Written by Dell’s Jim White, EdgeX Foundry TSC Member and Chair of Core Services Working Group
In a post I made to this blog back in October, I reported that the EdgeX community was committed to reducing the original footprint, startup times and overall performance by making a move from Java to Go. The community has been hard at work, and I am happy to report on the initial success of that effort.
Today, we announced the availability of what we have deemed the “California Preview” that is available for exploration from the EdgeX sites.
The California Preview is a sample of what we hope to bring you in full this spring. In the California Preview, the community has built several Go Lang micro services that are drop in replacements for the Java versions. Specifically, the core services (Core Data, Metadata, and Command) have been re-created in Go Lang. Additionally, a portion of the export services functionality found in the original Java Export Client and Export Distribution micro services have also been re-created in Go Lang. Finally, the Core Config Seed, which is the initialization service that sets up the configuration/registry service, is now done in Go Lang. Consul is our configuration/registry service and that has always been written in Go.
This has been a community effort with the Dell team providing the core Go services, Cavium and Mainflux teams providing the export services, and Samsung producing the new config seed. The Linux Foundation led DevOps team is busy working a continuous integration process for our new Go micro services –even cross compiling for Intel and Arm platforms. Last but not least, the blackbox testing provided by the IOTech team is making sure the replacement services are REST API compatible with the Java services and therefore are drop-in ready. This is how open source gets done today – many companies and teams working together towards one dream. Group hug.
Go Lang Results
Now, back to the results and benefits of all this hard work. Because Go is compiled into an executable, the size of the application is much smaller than it’s Java counterpart – even before considering the JVM required for Java applications. Here’s a look at the raw Java JAR versus Go executable size for the EdgeX core micro services. The size of these same services in a Docker container is also indicated on the right side of the chart. The Java container image size does includes the Java JVM – thus the even larger footprint when looking at Java versus Go containers.
All well and good, you might say, but what about the micro services’ use of critical resources such as memory or CPU? Go Lang micro services used an astounding 97% less memory and generally 5 to 40 times less CPU!
Lastly, the startup time for the Go services nears 100% improvement. We typically had to measure our Java micro service start times in seconds. We measure our Go Lang micro services starts in milliseconds.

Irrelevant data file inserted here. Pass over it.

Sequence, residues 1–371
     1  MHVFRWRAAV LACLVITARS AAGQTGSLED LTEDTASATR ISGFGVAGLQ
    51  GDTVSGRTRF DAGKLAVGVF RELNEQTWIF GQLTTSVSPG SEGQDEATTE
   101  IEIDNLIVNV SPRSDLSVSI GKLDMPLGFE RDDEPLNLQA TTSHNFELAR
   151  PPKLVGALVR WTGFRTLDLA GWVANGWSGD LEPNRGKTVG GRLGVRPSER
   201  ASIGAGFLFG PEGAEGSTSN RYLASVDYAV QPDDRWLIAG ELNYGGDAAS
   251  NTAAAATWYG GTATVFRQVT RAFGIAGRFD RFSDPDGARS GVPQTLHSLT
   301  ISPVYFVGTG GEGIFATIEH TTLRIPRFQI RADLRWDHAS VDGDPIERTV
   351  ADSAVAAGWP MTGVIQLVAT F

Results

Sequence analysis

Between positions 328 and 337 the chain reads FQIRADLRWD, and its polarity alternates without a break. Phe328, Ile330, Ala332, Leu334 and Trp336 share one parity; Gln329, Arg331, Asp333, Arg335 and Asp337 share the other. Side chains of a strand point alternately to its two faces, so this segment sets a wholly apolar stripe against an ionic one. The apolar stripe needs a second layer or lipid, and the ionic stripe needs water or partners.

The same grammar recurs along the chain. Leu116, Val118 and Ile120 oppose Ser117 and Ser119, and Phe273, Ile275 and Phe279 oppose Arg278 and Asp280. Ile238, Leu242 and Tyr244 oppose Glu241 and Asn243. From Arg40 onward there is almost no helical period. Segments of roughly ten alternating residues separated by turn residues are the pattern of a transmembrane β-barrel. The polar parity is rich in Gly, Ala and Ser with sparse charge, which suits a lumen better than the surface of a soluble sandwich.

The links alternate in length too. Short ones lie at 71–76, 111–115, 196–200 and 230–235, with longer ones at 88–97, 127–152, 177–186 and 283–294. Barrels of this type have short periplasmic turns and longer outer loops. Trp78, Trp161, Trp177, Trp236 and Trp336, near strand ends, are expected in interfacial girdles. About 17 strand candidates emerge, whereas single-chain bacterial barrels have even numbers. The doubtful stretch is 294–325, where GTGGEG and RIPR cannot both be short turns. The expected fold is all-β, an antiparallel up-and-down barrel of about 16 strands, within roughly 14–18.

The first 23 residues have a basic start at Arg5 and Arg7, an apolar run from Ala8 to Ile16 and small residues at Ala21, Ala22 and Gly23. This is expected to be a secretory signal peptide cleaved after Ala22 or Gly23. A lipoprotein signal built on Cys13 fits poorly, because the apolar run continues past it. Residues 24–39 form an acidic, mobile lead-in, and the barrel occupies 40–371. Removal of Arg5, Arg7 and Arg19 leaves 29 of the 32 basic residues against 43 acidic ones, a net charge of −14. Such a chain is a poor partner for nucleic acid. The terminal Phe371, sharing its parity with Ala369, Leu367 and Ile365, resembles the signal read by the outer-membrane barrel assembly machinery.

I have been doing Java most of my programming career. Love Java, but in order to get EdgeX to the real edge of IoT environments, we have to put our micro services on a diet – make them small and fast. Go Lang is helping us get EdgeX svelte.
Still Hurdles to Clear
Go is still a young programming language relative to Java. Version 1.0 of Go was released by Google in 2012 whereas Java has been around for more than 20 years now. The libraries, tools, frameworks, and idioms are still emerging in Go while Java has a plethora of these. Our developer community, in some cases, is also learning that the Java-way is not necessarily the Go-way, and therefore is having to adapt to a new programming paradigm. For example, the multiple repo approach for the Java micro services and associated share libraries doesn’t work so well in a Go Lang development environment where a single “mono” repo is preferred. Some of our Go code will likely have to go through a refactoring exercise as lessons are learned. That’s to be expected as even the Java micro services were refactored once or twice since being created.
The Go work is progressing but we are not done. We need to make similar reductions to the rest of our micro service collection. Not all the work will be done in Go Lang. For example, we are hopeful to have a C/C++ Device Service SDK (along with a Go Lang Device Service SDK) this spring which will allow for small C/C++ micro services for some protocols/platforms at the EdgeX southern layer. In some cases, especially for the some of the services that are more application focused and could live in bigger environments when EdgeX is distributed, Java micro services may still flourish.
However, if we are able to make similar reductions to all of our EdgeX micro services (whether using Go, C/C++, or other language), the forecast for EdgeX size and performance is quite good. Early forecast calculations put the total memory usage (database and other infrastructure inclusive) at less than 200MB. That compares to a 2.5GB of memory needed today. The total containerized footprint would be around 600MB (compared to more than 1.8GB today). And EdgeX would start up in about 5 seconds (compared to around 5 minutes today). The concentric circle relative size diagrams for some of these metrics provide a visually compelling story that should help you soak in the differences.
Come help us complete this work. Help us make EdgeX go (pun intended) smaller and faster! In addition to the work to complete the EdgeX micro service reductions, there $is crucial work in security and system management that is to be completed for the California release. As I already indicated, we need help completing SDKs in various programming environments. More north and south bound connections, more testing, and more deployment / orchestration work needs to happen. We welcome companies and individuals looking to make a contribution in the IoT landscape.